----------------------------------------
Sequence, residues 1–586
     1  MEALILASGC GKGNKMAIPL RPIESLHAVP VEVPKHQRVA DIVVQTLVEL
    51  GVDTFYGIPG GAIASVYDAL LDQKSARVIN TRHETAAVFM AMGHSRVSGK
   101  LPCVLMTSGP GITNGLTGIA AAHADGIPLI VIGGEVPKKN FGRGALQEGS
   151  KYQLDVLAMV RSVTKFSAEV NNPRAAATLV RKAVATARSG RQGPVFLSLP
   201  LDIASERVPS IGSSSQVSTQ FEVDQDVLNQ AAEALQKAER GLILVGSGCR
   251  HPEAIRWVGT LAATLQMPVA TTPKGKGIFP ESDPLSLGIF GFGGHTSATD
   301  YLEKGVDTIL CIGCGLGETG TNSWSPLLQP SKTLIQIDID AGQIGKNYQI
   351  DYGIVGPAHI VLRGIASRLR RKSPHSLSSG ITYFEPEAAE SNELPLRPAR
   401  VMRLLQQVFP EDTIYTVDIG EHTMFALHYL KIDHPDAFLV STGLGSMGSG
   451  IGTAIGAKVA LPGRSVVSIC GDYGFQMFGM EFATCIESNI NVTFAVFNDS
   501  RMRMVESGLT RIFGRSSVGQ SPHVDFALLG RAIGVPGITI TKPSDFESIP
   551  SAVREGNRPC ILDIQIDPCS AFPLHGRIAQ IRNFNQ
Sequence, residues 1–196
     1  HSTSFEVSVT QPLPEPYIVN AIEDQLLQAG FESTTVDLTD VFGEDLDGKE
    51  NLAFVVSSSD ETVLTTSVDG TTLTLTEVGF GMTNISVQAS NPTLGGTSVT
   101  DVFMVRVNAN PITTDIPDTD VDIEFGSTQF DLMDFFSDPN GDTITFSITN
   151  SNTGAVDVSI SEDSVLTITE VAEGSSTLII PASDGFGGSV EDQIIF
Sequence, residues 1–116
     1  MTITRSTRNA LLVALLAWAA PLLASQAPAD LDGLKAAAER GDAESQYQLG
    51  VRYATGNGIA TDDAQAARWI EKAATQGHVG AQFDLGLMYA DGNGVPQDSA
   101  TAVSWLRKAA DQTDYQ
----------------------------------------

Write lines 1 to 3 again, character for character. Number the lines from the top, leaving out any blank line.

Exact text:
Sequence, residues 1–586
     1  MEALILASGC GKGNKMAIPL RPIESLHAVP VEVPKHQRVA DIVVQTLVEL
    51  GVDTFYGIPG GAIASVYDAL LDQKSARVIN TRHETAAVFM AMGHSRVSGK